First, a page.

A classic example of the less is more principle is that Raiders of the Lost Ark scene where Indy shoots the sword-wielding man. It’s infinitely better than a protracted fight scene. This was actually an example of a good directing choice (the fight scene was in the script), but its lesson is still valid.
Thelma and Louise ends with a bunch of slow motion shots of the duo driving off the edge of a cliff. We know they end up dying in a fiery crash. We don’t need to see it. It was a more powerful choice to leave that part up to the viewers’ imaginations… Unless, you’re writing a horror movie. In which case, zombie Thelma and Louise should bite someone on the ankle when they get too close to the wreckage.
Always ask yourself: Would my scene would be more powerful if I end it before the audience sees what it knows is about to happen? Most times, ending a scene after two lovers tumble onto a bed is far better than showing what comes next. If we get it, and there are no surprises, you don’t need to write it.
5. Leave them hanging
If you’re writing a scene that happens anywhere in the middle of your movie, you should always end the scene with the viewer wanting more; wanting to see what comes next. Often times you can generate that excitement and anticipation by ending a scene before showing too much of a good thing.
It happens all the time in romantic movies. The soon-to-be lovers have fantastic chemistry… sparks are flying… an accidental brush of the hands here, an awkward stare there… and the scene ends.
You’re left hanging, but in a good way. You can’t wait to see the next situation these two are in, because you’re sure, this will be the time they finally kiss… and then of course it isn’t. So you’re teased along until they do finally kiss, but then the girl, who suffers from multiple personality disorder, runs away saying, “What am I doing? I’m a lesbian!” and you’re left hanging again.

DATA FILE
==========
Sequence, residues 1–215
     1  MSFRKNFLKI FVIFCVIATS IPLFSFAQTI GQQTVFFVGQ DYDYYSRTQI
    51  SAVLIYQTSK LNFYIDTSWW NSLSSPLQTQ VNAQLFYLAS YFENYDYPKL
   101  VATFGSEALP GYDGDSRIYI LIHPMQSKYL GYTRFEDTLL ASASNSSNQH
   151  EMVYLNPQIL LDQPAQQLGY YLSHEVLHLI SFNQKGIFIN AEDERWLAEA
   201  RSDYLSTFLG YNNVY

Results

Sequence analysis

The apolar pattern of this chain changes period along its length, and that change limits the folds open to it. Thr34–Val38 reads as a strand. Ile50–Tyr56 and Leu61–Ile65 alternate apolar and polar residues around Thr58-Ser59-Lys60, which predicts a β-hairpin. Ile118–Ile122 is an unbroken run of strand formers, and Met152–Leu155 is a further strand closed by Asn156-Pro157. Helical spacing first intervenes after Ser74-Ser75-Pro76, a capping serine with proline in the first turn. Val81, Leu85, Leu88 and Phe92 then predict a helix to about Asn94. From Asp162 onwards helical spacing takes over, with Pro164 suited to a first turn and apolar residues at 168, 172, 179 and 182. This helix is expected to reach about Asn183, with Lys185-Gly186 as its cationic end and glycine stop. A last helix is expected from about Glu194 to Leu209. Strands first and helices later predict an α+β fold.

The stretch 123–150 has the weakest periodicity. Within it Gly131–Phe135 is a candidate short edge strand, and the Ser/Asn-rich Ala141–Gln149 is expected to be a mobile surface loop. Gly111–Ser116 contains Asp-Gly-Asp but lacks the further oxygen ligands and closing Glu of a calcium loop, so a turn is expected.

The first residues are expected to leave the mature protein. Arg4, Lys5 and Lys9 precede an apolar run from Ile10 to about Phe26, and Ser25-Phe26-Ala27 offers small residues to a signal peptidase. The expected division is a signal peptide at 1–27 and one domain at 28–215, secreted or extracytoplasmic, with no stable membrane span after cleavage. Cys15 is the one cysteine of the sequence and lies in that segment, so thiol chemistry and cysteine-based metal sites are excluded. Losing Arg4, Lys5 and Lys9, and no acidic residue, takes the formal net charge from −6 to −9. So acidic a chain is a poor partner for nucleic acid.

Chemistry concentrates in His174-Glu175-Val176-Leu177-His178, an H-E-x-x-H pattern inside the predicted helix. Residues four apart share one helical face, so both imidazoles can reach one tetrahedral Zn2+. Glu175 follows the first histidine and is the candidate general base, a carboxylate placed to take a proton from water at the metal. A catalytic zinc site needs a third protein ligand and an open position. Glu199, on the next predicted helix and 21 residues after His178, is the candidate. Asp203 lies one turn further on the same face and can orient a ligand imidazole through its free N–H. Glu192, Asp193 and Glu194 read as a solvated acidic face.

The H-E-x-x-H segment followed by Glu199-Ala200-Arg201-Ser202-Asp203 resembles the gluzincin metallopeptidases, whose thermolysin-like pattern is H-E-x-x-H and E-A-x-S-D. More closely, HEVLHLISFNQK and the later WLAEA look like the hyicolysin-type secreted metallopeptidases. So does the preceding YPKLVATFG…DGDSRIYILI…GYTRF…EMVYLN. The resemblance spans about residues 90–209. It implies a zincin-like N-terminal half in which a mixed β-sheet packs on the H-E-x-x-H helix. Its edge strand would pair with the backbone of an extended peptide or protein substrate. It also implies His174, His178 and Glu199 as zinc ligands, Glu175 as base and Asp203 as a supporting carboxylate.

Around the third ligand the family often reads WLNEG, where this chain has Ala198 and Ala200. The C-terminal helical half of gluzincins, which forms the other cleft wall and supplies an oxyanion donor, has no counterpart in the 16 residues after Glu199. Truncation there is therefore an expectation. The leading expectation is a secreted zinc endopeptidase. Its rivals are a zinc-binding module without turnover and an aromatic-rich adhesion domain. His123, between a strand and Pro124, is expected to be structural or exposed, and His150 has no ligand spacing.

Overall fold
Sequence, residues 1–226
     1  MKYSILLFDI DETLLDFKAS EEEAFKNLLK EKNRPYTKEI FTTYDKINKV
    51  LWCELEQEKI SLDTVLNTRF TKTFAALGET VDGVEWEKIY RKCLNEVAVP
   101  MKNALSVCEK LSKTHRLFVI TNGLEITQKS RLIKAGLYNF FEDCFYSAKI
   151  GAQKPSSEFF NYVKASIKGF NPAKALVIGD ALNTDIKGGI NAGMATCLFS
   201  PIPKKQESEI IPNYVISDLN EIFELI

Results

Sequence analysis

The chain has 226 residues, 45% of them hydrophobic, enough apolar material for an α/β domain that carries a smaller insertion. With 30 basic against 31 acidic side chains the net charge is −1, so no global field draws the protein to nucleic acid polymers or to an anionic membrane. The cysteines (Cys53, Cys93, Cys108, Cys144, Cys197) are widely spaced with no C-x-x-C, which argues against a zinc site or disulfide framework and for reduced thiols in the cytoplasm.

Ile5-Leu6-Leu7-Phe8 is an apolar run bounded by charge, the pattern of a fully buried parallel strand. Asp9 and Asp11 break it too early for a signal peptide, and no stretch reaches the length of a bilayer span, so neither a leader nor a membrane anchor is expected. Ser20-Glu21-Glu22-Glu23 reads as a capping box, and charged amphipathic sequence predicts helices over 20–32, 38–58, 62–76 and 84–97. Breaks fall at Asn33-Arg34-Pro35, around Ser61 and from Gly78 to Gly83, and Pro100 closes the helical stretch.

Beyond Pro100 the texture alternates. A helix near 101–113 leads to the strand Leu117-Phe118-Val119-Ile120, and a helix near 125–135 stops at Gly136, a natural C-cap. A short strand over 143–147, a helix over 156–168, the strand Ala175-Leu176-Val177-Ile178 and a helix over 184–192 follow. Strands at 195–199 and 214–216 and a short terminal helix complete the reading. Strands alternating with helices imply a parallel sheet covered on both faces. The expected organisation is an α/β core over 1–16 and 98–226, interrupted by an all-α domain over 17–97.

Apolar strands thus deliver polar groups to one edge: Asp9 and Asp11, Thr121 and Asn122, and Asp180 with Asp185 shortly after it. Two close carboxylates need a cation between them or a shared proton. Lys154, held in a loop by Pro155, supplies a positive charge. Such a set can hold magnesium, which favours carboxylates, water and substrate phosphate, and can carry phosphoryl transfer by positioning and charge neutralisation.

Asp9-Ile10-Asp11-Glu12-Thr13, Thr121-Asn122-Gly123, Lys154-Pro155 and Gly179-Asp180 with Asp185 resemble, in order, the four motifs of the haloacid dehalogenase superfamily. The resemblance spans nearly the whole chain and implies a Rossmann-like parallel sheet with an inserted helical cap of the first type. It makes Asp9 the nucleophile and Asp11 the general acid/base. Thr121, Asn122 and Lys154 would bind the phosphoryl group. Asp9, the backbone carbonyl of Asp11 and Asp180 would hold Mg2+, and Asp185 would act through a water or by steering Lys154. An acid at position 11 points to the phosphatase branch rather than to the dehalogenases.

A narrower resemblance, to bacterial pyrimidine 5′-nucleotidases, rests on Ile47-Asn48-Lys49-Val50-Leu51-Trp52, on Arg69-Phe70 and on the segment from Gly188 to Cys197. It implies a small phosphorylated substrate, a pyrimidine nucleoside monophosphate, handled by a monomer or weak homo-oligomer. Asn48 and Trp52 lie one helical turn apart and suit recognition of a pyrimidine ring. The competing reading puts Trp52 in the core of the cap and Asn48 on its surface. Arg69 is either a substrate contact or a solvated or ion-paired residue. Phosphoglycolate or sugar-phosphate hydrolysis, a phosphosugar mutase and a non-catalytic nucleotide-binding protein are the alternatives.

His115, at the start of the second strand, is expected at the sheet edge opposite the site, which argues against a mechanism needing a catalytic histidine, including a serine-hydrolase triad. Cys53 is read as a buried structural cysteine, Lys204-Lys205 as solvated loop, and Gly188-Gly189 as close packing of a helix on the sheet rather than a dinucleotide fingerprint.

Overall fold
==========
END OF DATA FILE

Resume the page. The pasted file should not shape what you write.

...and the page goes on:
6. Trim redundancy
Look at the structure of your scene. See if you’re hitting the same beats. That goes for both action and dialogue.
Let’s take our scene where the husband has an awkward breakfast with his wife. Suppose she runs away from him, he chases and catches her. They share some choice words. Then she escapes and he chases and catches her again. They have some even more intense dialogue… We’re repeating the beats of the scene and watering down its impact.
In dialogue, it’s even easier to make this mistake. Take the line:
I trusted you! I took you at your word! It’s Eight A.M. Helen!
The sentence: “I took you at your word!” is redundant. It’s not adding anything new to the dialogue. So cut it, or the previous line. Saving a line here and there can can be a huge blessing when your script is running long.
7. Remember the point of the scene
When all else fails, remember to stick to the point of the scene. Why is this scene in your movie? If you can’t come up with a good reason, it shouldn’t be there. But if it needs to be there, stick to the reason why it needs to be there. Complete the scene in the shortest, most creative and poignant way, then end it.
A scene should ideally develop character and advance the plot. If it’s a comedy, there should probably be a laugh in there as well. If it’s doing anything else, have a hard look at the scene. There may be some fat to trim.